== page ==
I wish my personal experience was of any use in this case, because from what I've seen, most people in those guilds did feel they had accomplished their personal goal (killing an end boss) but definitely didn't feel they were in the same league as the best guilds in the world. But my sample is terribly limited, so I'm not going to generalize and say that's the case for most guilds in that situation, because it'd be an outright lie.

25/01/2013 01:56Posted by Masztaar
By your logic, all my opponents in PvP should be nerfed by 30% by the end of each season, because I paid for the game and I want to have a free Gladiator title if LFR players are getting a free "Savior of Azeroth" equivalent of a title.

The Gladiator title is specifically tied to the 0.5% best players on a PVP season, so it's not the same thing. There's nothing that specifies "the Heroic end boss of a raid tier is meant to be killed only by the 0.5% best raiders of the tier", and we're talking, in any case, about something that happened on a different moment and on a different environment. WoWProgress shows Heroic Madness was defeated by around 14k+ guilds worldwide, sure, it looks like a lot, but the raid was available for almost a whole year. Fast forward to today, and this same website indicates that 260 guilds have killed Sha of Fear in Heroic (and they are getting as well the "Cutting Edge" achievement. So, if at any point the boss is nerfed, and the criteria is no longer met, they would be able to show that achievement to prove they did it without any nerfs.

Times have definitely changed in that regard (in my opinion, of course).

I am self mainly motivated by new boss kills and I do not mind really what other raiders kill or do. I have my own speed, pace and so on. I do not mind if 10 other DK's wear gear as I do, when they do content I do. Makes sense, yes ? However I roll eyes, when see that AFK guy in LFR run around with almost identical gear as I do. Without transmog feature you barely would make difference between me and the AFK-Hero, who does most cases 25k dps if not less.

The diference is that your AFK hero is wearing gear that is 26 item levels lower than yours and doesn't have stuff you do, such as vanity rewards (Glory of the Pandaria Raider and Guild Glory of the Pandaria Raider come to mind as an example).

Also, if you fancy doing challenge modes, it's very likely your AFK hero won't have the transmoggable set of gear you can get access to either.

Do not be too upset on me. You are talking to the player, who did not quit after 5 weeks of Kael'thas wipes on bench, nor 6 weeks of mu'rus wipes. And I lived trough 15-20 minute Nefarian respawn timer on vanilla, as well the complete hilarious wipe fest of Firefighter, Shadowtraps on Lich King and I sm sure am not scared of tsulong or Sha of Fear (which I believe might be block my team for a while). I am not a top raider even. I am just one of those 'raiding masses' - average Joe's of HC raiding, if you will.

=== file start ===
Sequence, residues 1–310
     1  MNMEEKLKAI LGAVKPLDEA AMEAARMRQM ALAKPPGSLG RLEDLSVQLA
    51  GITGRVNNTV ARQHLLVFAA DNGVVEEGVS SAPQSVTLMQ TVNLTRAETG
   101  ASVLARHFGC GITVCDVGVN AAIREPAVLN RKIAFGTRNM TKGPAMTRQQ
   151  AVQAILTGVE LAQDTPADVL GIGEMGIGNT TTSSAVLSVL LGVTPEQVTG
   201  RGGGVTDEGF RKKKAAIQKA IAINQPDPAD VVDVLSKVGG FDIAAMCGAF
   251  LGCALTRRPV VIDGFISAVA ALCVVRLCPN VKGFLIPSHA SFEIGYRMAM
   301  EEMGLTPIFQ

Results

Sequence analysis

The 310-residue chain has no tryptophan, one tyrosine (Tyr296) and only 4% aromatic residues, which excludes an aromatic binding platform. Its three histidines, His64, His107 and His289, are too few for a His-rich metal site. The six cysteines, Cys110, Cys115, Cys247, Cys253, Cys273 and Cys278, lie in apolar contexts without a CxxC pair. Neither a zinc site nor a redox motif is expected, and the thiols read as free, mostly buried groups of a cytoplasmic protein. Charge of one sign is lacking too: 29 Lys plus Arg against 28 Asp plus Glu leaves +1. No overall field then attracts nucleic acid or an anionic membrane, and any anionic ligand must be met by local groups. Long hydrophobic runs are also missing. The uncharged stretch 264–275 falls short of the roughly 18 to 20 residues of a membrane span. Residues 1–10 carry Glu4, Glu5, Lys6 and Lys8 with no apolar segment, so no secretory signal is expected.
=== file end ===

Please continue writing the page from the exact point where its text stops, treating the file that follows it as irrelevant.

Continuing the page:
You may not be a top raider in some community world ranking. Your dedication is certainly rare among players though. If you track back to M'uru, you'll probably remember that guilds were falling apart before reaching 6 weeks of wipes on him and Kael'thas was seen by many as a massive hurdle. So even if your progress spells "average Joe's of HC raiding" the fact is, when it comes to dedication, you have plenty of it, and hopefully your guild does too :)

25/01/2013 07:35Posted by Paskal
nice way to put majority of the wow population these days are spoiled little brats with no brain, its true tho. Sad part is that this CM here wanna turn this game into a console game. Im just curious if this is how blizzard as a company sees it or just this guy? if so what future we can expect from wow? will we be able to play it on x-box soon with pause buttom and cheat codes?


Oh, please, don't try to hyperbole my posts. Toning something down eventually so more people can complete it doesn't mean turning the game into a "console game", which, in the other hand, is a weird comparison, since there're plenty of challenging console games out there.

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#257 - 2013/01/28 04:37:00 PM
26/01/2013 12:38Posted by Lambey
the comparison made the console games - i completely agree. this is an MMORPG. why should it require 3 seperate difficulty levels? this is NOT a console game, it should not be adjustable to suit any 1 persons play style on principle of the genre. dont even try to twist this point. MMORPG's are Mass Multiplayer, more than a few peoples ideas are required to completely overhaul a part of the system such as raids. you even created LFR to solve this problem. just because they want to select a higher difficulty does NOT mean it should be made easier. i don't go on to call of duty and select Veteran difficulty as a noob and expect it to be easy, and anyone who does is NOT worth affecting the play styles of others.


World of Warcraft is neither the first MMO to have varying levels of difficulty, nor the only one. You can't compare it to a completely different game (Call of Duty) as it doesn't even share the same genre nor the same design philosophies or game design.